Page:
What kind of avalanche is most dangerous?
Dry slab avalanches account for almost all avalanche fatalities. In the northern hemisphere, these accidents happen in winter conditions (December to mid-March) and most often on north-facing slopes.
Once I'm out there, how can I reduce the odds of getting caught in an avalanche?
Go one at a time on slopes that are questionable, have an escape route planned in your mind, stop at islands of safety and don't bury and kill people in the group below you. Windward slopes and ridges especially, are the safest routes to travel on (but be careful of cornices - you can't see where they overhang when you are on top of them on the ridge). Thick trees are safer, but once the trees become sparse enough to get some good turns in, you are back in potential avalanche terrain. Finally, if things look really nasty, go back the way you came...if that is not also suspect.
Isn't it most dangerous in Spring when there are more avalanches?
Spring conditions may be the time of year when there are the most avalanches, but once a regular cycle of melting and freezing sets in, predicting the stability of the snowpack is more evident than during the cold winter months. During the freeze phase, the snowpack is at its strongest. Once free water has seeped into the snowpack, through rain or melting, then it can turn into ice when the temperatures go below freezing - the ice forms a sort of 'skeleton' that holds the snowpack together. Melting during the day and freezing at night is a classic Spring process. In these conditions, after a good freeze at night, the slopes are very stable first thing in the morning. Then, as the sun rises (warming east facing slopes first), the ice skeleton holding the snowpack together melts and the slope eventually becomes much less stable.
Is the slope safe after an avalanche has gone?
Usually it's safe. But there are a number of things to watch out for: multiple avalanche starting zones ('hang fire') looming above, dense snowfall, hard wind. If there is rapid melting going on, then there's a good chance of another avalanche coming down. It's a hard call, especially if you are going to rescue someone.
I ski on the piste, why should I be bothered about avalanches?
Many of the accidents resulting in deaths have occurred right next to the piste, due to ignorance. They could therefore have been avoided. If you are a good skier or snowboarder who mostly skis on the piste and you play around next to the piste, then you are a prime candidate for an accident. The same goes for climbers: statistics show that the typical victim of an avalanche is a male in his mid-late 20's, has a good level of knowledge about skiing, boarding or climbing, but very little knowledge about avalanches.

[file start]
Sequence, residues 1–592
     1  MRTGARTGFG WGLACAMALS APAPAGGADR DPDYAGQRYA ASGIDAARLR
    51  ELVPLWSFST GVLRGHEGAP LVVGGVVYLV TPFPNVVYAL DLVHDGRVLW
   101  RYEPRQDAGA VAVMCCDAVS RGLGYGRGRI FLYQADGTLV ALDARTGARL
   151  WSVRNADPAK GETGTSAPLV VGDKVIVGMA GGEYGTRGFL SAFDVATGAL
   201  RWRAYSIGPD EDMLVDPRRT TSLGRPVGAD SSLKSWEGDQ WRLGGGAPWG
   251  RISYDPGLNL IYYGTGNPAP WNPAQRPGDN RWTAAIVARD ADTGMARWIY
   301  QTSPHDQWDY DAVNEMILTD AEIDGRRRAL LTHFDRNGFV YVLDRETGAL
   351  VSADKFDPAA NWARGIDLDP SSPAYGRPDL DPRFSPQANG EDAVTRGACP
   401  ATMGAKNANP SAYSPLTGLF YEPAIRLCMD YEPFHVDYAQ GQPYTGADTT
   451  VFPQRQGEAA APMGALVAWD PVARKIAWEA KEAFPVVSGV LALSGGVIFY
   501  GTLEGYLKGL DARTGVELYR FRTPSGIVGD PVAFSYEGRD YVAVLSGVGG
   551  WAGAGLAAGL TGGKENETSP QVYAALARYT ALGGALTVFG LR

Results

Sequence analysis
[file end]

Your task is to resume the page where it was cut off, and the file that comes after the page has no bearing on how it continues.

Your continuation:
How long can you live under the snow?
People die quickly from carbon dioxide poisoning, because their carbon dioxide builds up in the snow around their mouths. Statistics show that about 90% of avalanche victims can be recovered alive if they are dug out within the first five minutes. However, after 45 minutes only 20-30% are still alive and after two hours almost no one is alive.
How do I judge if a slope is 'dangerous'?
Here are a few things that you should look for systematically each time you go out onto a slope (this list is not exhaustive, but it covers the essentials!):
- Steepness: Almost all avalanches occur on slopes between 35 and 45 degrees. An 'expert' slope at a ski resort is usually around 35 degrees maximum.
- Anchors: Trees and rocks that stick up through the snowpack can help to hold the snowpack in place. But the anchors need to be fairly thick to be effective. For instance a thick, mature grove of evergreen trees anchor the slab quite effectively while a sparse grove of trees has very little effect.
- Aspect with respect to wind: Recently wind-loaded, steep slopes are almost always very dangerous while recently wind-eroded slopes are usually fairly safe.
Avalanche risk classifications
Most natural avalanches occur during the spring on South facing slopes when the sun warms the snow up and causes 'Point Release' avalanches. In general these are not a significant danger as there are usually no people involved; the snow is wet and heavy and skiers/snowboarders tend not to ride it. These avalanches also move quite slowly and start from an individual point, growing in size as they move down the hill.
Most avalanche accidents by contrast happen in the cold months of December, January and February on North facing slopes. This is when the powder is best and the traffic in the off-piste is heaviest. It is also when most slab avalanches occur. In 90% of avalanche accidents, the victim or someone in the victim's party triggers the avalanche and 90% of these accidents involve a slab avalanche. Slab avalanches occur when a layer of snow that is well bonded breaks free from the layer below, and the well bonded layer slides away breaking up into large blocks of snow and ice as it makes its way down the hill.